Home The Book Dr Articles Products Message Boards Journal Articles Search Our Surveys Surgery ESWT Dr Messages Find Good Drs video

Scott, or anybody else, any suggestions?

Posted by ScottW on 6/07/02 at 07:38 (086634)

I was just at another podiatrist (the 2nd I've seen so far) yesterday. He said my feet look fine 'structurally' and that there is nothing more he can do. He said it doesn't sound like plantar fasciitis to him because there is no morning pain, the dull ache over entire bottom of both feet instead of just the heal, and they don't hurt to press on. He suggested going to see a neurologist. He thought it might be a nerve problem possibly even related to my back. Have you seen a neurologist ever for your feet? What do you think I should do? Also Dr. Zuckerman from N.J. talked with me on the phone a few weeks ago about ESWT and told me that I wasn't a candidate for ESWT because my pain wasn't specifically in one place. I am getting frustrated and depressed about my feet. For encouragement, I keep going back to Scott's story (the guy that put together Heelspurs.com) of his foot pain. It sounds so similar to mine except my feet never swell and taping doesn't seem to help me very much. What do you think I should do? Any suggestions?

Scott

Re: Scott, or anybody else, any suggestions?

Carole C in NOLA on 6/07/02 at 09:57 (086658)

I am not Scott, or a foot doctor, but I do have heelspurs and plantar fasciitis from which I'm mostly recovered. Here are my suggestions.

I think you should make an appointment with a neurologist, and meanwhile read Scott's heel pain book (free, on this site). Start working on some of the conservative treatments described, like gentle non-weightbearing (sitting) stretches, ice, perhaps Birkenstock sandals, never going barefoot.

Plantar fasciitis can occur without morning pain. It sometimes is a dull ache over the entire bottom of both feet. I don't know if it can exist without hurting when the doctor presses on your feet. Of course that all depends on the doctor knowing where to press.

In the event that the neurologist finds nothing treatable, I strongly suggest that you continue with attempts at conservative treatment for a few months. If this is plantar fasciitis, that's the best approach to begin with anyway.

You should see the neurologist to rule out the possibility of this being related to your back, because that may be treatable. In my experience, some neurologists sometimes have a tendency to relegate mysterious symptoms to various frightening and untreatable 'wastebasket diagnoses'. You might get a diagnosis of multiple sclerosis, peripheral neuritis of unknown cause, Raynaud's phenomenon, or other puzzling conditions.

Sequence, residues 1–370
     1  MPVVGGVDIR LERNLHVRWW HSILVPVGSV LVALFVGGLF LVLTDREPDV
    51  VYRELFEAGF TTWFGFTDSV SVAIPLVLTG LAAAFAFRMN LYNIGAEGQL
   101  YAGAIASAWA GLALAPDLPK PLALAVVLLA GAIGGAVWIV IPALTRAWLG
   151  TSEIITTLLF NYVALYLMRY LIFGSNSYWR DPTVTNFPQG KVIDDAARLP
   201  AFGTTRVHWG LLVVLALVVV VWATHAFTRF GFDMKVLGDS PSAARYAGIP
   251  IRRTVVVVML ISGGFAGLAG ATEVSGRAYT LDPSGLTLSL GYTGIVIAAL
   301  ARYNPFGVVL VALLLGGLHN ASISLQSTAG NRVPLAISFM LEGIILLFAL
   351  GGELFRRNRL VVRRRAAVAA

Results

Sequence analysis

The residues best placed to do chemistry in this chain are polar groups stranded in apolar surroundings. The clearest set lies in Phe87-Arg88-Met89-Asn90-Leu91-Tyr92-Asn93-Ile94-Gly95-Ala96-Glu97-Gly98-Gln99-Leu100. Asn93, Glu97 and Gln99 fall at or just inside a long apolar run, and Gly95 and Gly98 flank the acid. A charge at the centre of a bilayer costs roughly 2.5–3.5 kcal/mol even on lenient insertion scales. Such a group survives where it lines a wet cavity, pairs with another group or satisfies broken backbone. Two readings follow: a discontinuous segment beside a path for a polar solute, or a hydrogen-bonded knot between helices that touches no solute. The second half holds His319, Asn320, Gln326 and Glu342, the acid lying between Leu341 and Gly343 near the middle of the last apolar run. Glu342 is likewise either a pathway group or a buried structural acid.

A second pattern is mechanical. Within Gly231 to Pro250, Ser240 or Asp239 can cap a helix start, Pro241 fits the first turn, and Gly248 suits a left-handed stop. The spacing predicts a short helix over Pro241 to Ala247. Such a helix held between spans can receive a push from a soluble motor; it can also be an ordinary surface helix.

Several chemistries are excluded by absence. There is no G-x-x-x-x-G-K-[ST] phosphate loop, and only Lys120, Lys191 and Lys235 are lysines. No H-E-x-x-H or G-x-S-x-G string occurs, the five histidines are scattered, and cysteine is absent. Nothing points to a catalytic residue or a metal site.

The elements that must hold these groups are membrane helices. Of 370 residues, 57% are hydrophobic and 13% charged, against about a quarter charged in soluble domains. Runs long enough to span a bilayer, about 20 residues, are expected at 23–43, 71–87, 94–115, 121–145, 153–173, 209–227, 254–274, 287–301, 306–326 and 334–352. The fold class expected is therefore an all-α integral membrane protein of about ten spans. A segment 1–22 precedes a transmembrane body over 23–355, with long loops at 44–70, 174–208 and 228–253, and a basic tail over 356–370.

Carole C

Re: Scott, or anybody else, any suggestions?

Dennis B. on 6/07/02 at 14:16 (086676)

Definitely go to a neurologist. He/She may perform an EMG or NCV to find or rule out other problems. Initially I was told Tarsal Tunnel Syndrome but learned of Spinal Stenosis and Peripheral Neuropathy. The Peripheral Neuropathy thing was in fact the underlying cause of my problems and has since been defined as being caused by Vasculitis. Good luck to you. Dennis

Re: Scott, or anybody else, any suggestions?

ScottW on 6/07/02 at 19:31 (086722)

Thanks for your response. What is the treatment for you now that you know what the underlying cause is? Has the treatment helped at all? What exactly is vasculitis?

Re: Scott, or anybody else, any suggestions?

Carole C in NOLA on 6/07/02 at 09:57 (086658)

I am not Scott, or a foot doctor, but I do have heelspurs and plantar fasciitis from which I'm mostly recovered. Here are my suggestions.

I think you should make an appointment with a neurologist, and meanwhile read Scott's heel pain book (free, on this site). Start working on some of the conservative treatments described, like gentle non-weightbearing (sitting) stretches, ice, perhaps Birkenstock sandals, never going barefoot.

Plantar fasciitis can occur without morning pain. It sometimes is a dull ache over the entire bottom of both feet. I don't know if it can exist without hurting when the doctor presses on your feet. Of course that all depends on the doctor knowing where to press.

In the event that the neurologist finds nothing treatable, I strongly suggest that you continue with attempts at conservative treatment for a few months. If this is plantar fasciitis, that's the best approach to begin with anyway.

You should see the neurologist to rule out the possibility of this being related to your back, because that may be treatable. In my experience, some neurologists sometimes have a tendency to relegate mysterious symptoms to various frightening and untreatable 'wastebasket diagnoses'. You might get a diagnosis of multiple sclerosis, peripheral neuritis of unknown cause, Raynaud's phenomenon, or other puzzling conditions.

Carole C

Re: Scott, or anybody else, any suggestions?

Dennis B. on 6/07/02 at 14:16 (086676)

Definitely go to a neurologist. He/She may perform an EMG or NCV to find or rule out other problems. Initially I was told Tarsal Tunnel Syndrome but learned of Spinal Stenosis and Peripheral Neuropathy. The Peripheral Neuropathy thing was in fact the underlying cause of my problems and has since been defined as being caused by Vasculitis. Good luck to you. Dennis

Re: Scott, or anybody else, any suggestions?

ScottW on 6/07/02 at 19:31 (086722)

Thanks for your response. What is the treatment for you now that you know what the underlying cause is? Has the treatment helped at all? What exactly is vasculitis?